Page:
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Justus Rosenberg
Rosenberg helped US journalist Varian Fry smuggle hundreds of people from Nazi persecutionImage: Christina Horsten/dpa/picture alliance

WWII hero Justus Rosenberg dies at 100

November 19, 2021

During WWII, the Polish-born Rosenberg was part of Varian Fry's rescue network that saved many intellectuals — including Hannah Arendt and Marc Chagall — from the Nazis.


"Justus was one of the last witnesses of the Holocaust. As a member of the French Resistance he was also a hero in the fight against fascism," Bard college President Leon Botstein wrote in a letter

 in tribute to his former colleague following his death.

Justus Rosenberg had ended his teaching career as a professor emeritus of languages and literature at Bard College, a liberal arts institution in the state of New York. He died on October 30, as reported by the New York Times on Thursday.

Rosenberg was born in 1921 in present-day Gdansk, Poland, which was at the time the Free City of Danzig, a semi-autonomous city-state that existed between 1920 and 1939.

Racial laws at the time meant that Rosenberg was kicked out of school because he had Jewish parents. He was sent to study in Paris for school and enrolled later at the Sorbonne.

Refugee in Marseille

When the Nazis took over Paris in 1940, Rosenberg fled the city with thousands of others and finally landed in Marseille.

"At the time, the American Rescue Committee, which was founded in the United States, sent a gentleman by the name of Varian Fry to Marseille with $3,000 in his pockets," Rosenberg said in an archival video published by the International Rescue Committee.

Fry had a list of names of people who were thought to be particularly under threat from the Nazi regime. The plan was to secretly smuggle them out of Nazi territory.

"I was a courier boy," Rosenberg said in the video. "I was running errands, except, those were not ordinary errands. These were errands to run with false papers, money, various documents, to try to get to the refugees who were trying to get out of [areas that Germany had occupied]," he added.

Helping thousands escape

At the time, Rosenberg looked much younger than his age. He was blonde and Germanic-looking and was not often stopped by soldiers to check his papers. In his own words, "I looked so innocent and angelic at that particular time." The professor confessed in the video that he was not really aware of the danger the task entailed. To him, it was mostly about adventure and romance.

The many people Rosenberg helped escape included the philosopher Hannah Arendt, artists Marc Chagall and Max Ernst, authors Heinrich Mann, Golo Mann and Franz Werfel. Werfel's wife, Alma, was the widow of the composer Gustav Mahler.

Altogether, US journalist Varian Fry's operation helped 1,500 people escape the Nazis.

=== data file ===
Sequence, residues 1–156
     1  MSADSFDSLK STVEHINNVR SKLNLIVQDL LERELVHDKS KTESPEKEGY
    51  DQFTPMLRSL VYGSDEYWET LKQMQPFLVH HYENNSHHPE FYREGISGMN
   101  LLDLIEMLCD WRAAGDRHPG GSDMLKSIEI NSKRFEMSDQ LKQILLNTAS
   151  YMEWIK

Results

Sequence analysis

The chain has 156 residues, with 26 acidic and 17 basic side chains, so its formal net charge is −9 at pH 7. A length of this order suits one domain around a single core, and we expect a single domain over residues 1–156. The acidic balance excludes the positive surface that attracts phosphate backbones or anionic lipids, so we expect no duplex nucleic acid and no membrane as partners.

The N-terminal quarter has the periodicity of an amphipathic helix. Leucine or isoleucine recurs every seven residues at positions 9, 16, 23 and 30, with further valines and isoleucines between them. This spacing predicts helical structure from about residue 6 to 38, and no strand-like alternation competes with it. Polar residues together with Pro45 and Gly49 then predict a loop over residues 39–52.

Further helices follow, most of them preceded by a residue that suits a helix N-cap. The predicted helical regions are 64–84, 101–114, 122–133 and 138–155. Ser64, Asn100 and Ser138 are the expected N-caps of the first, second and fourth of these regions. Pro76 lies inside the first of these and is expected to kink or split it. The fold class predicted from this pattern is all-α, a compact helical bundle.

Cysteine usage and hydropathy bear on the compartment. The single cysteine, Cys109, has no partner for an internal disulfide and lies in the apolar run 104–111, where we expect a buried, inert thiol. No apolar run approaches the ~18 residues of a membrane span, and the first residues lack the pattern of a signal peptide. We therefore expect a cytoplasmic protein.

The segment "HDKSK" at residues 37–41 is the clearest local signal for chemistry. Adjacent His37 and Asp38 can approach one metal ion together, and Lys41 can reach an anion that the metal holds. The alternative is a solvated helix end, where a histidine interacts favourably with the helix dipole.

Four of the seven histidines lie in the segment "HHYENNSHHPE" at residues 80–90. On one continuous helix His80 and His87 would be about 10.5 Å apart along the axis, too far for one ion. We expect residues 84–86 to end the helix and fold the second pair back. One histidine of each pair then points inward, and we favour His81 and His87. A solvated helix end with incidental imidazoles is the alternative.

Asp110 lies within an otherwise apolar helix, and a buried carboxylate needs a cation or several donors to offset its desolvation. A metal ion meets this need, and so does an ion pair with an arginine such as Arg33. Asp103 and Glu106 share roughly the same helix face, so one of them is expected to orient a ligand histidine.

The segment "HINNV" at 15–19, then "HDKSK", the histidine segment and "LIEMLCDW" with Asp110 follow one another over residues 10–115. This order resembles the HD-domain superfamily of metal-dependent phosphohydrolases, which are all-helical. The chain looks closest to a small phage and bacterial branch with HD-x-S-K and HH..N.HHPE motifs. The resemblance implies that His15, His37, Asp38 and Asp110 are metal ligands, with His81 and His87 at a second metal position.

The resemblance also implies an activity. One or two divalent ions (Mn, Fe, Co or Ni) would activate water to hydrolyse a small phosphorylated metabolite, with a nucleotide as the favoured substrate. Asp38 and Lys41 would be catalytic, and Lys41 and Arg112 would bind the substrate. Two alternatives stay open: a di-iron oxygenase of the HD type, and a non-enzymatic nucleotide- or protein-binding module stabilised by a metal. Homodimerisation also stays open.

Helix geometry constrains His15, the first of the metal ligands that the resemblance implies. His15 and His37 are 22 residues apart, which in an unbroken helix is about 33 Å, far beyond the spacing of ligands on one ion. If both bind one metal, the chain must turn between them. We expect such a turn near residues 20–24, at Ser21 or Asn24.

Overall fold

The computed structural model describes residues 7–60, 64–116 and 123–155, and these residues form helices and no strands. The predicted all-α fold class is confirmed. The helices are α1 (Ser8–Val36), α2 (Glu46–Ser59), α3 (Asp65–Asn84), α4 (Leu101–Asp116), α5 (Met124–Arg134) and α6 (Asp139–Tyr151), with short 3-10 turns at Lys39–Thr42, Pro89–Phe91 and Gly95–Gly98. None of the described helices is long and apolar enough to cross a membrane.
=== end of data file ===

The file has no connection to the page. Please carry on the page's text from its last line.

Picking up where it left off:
However, the operation came to a halt in 1941 after being exposed and expelled by the antisemitic and authoritarian Vichy French government, led by Marshal Philippe Petain.

Rosenberg was left to his own devices and managed to escape being sent to a Nazi labor camp in Germany-occupied Poland. He joined the French Resistance and fought alongside the Americans after the Normandy invasion.

Following the end of World War II and Germany's capitulation, Rosenberg served as an officer at a displaced persons' camp run by the United Nations.

Varian Fry
Journalist Varian FryImage: Fred Stein/dpa/picture alliance

A reluctant hero

He later enrolled at Sorbonne again and left for the US in 1946, where he completed his doctorate and taught literature and languages at Swarthmore and then at the Bard College.

In 2020, Rosenberg published a memoir called "The Art of Resistance: My Four Years in the French Underground."

Speaking to the New York Times, Rosenberg's wife Karin, who met her husband in the 1980s, said she knew nothing of his heroism for many years. "Oh, I just didn't want to brag about it," Karin Rosenberg remembered him as saying. "I believe he was a hero… But he did not think of himself as a hero. To him, he was just doing what needed to be done," she said.

"It was a miracle that Justus fulfilled the well-known birthday greeting of the nation of his birth that calls for '100 years' of life,'" Bard College President Botstein said in his memorial letter, referring to the Polish birthday song, "Sto Lat," meaning "May you live a hundred years."

Botstein added, "Justus reached that milestone, against all odds. In Poland, the country of his birth, just under 3 million Jews — nearly 90% of all Polish Jews — were murdered between 1939 and 1945" by the Nazi German occupiers.

Corrections from November 21, 2021: This article has been updated to clarify that labor camps and the mass murder of Jews in Poland were instituted and carried out by Nazi forces while Germany occupied Poland.

mg/eg (with dpa)

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